People seek me out because they have eating problems—overeating, undereating, binge-eating, or some combination. Or they want help lowering their weight. Most clients recognize that they need to focus on and change their eating if they want to attain and maintain a healthy weight. What’s harder for them to acknowledge is that even if they didn’t have eating problems, they’d still lack critical life skills to enjoy a better life.
I know that dysfunctional eating habits are what you’re focused on changing. But, think: If you were a “normal” eater at your target weight—changing nothing else about yourself—would you be mentally and emotionally healthy and living the life you want? My guess is that you wouldn’t be, even if that’s hard for you to acknowledge. Eating problems (other than metabolic, biochemical, or genetic based ones) don’t develop in a vacuum, but spring from irrational beliefs, trauma, stress, poor coping skills, inability to relax appropriately, low self-esteem, difficulty self-regulating, and other life skill deficits.
One of the major reasons that diets fail is because many eating problems are not really about food. Sure, there are food dependencies, maybe addictions, sensitivities, and allergies. Yes, the food industry should be ashamed of themselves for how profit means more to them than people’s health. Of course, chronic dieting disregulates appetite and promotes disregulated eating. But, as with other destructive patterns, it’s not the activity so much as the reason for engaging in it that makes it dysfunctional. There’s nothing wrong with eating, betting on horses, or drinking—in themselves. The issue is how we use these activities because we don’t possess more effective ways to manage our lives.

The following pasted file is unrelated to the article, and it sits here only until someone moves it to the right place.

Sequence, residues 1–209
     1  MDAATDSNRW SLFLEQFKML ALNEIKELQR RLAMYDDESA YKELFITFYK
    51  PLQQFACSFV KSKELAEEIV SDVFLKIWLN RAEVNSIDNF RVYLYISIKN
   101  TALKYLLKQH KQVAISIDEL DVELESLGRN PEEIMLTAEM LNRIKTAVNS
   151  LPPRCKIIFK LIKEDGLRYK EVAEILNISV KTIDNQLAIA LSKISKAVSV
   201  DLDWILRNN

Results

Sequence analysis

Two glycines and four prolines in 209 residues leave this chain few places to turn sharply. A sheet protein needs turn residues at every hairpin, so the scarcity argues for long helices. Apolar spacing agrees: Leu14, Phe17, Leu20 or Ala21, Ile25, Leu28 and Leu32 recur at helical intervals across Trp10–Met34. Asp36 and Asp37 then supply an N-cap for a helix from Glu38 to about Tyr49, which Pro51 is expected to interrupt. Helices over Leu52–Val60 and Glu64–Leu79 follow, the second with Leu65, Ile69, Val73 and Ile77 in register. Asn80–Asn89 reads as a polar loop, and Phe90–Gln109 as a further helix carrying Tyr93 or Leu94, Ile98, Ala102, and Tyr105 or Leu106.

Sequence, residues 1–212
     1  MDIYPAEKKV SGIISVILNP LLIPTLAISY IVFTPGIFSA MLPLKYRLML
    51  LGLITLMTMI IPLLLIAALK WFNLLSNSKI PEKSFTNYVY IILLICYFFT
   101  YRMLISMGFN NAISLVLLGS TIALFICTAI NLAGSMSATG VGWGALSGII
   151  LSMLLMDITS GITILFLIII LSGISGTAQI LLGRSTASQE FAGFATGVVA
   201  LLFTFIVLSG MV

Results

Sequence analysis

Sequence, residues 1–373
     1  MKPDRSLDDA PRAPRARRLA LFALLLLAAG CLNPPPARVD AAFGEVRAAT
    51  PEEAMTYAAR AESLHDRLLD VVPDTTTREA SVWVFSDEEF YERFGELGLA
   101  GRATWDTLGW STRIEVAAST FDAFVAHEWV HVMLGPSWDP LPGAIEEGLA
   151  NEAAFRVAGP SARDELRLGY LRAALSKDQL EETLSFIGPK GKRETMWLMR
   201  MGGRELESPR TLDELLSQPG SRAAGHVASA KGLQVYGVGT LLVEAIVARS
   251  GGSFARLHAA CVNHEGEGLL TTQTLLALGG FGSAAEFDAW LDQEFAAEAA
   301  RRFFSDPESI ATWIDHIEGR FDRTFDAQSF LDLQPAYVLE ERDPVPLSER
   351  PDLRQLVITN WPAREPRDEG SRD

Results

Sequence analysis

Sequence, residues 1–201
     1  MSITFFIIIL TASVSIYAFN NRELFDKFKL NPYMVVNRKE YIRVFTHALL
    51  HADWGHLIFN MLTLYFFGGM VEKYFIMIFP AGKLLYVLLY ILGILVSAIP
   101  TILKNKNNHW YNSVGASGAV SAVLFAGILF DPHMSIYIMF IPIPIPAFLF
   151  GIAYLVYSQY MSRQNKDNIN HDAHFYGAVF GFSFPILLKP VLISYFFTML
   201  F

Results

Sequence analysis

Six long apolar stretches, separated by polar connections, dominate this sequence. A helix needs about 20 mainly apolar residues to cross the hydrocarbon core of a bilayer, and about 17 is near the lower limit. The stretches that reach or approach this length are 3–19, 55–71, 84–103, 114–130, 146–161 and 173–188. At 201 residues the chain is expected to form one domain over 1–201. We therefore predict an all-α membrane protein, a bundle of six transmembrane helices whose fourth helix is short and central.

So, back to you. If you didn’t have eating or weight problems, what would you want to change about yourself—your perfectionism, all-or-nothing thinking, inability to care for yourself well, insecurity, unhealthy relationships, or fear of trusting and depending on others? Can you see that the lack of these skills preceded and underlies your eating problems? No use berating yourself for not having these skills either. You didn’t learn them in childhood because your parents couldn’t teach you. But you can learn them now. You can fix the broken parts of yourself in adulthood and, by becoming healthier, I promise that you will be mending your eating problems as well.
Shift the focus off eating “better” to becoming emotionally healthier. Decide which skills you need to learn to function better in life and then start to practice them. You’ll be fostering a win-win situation.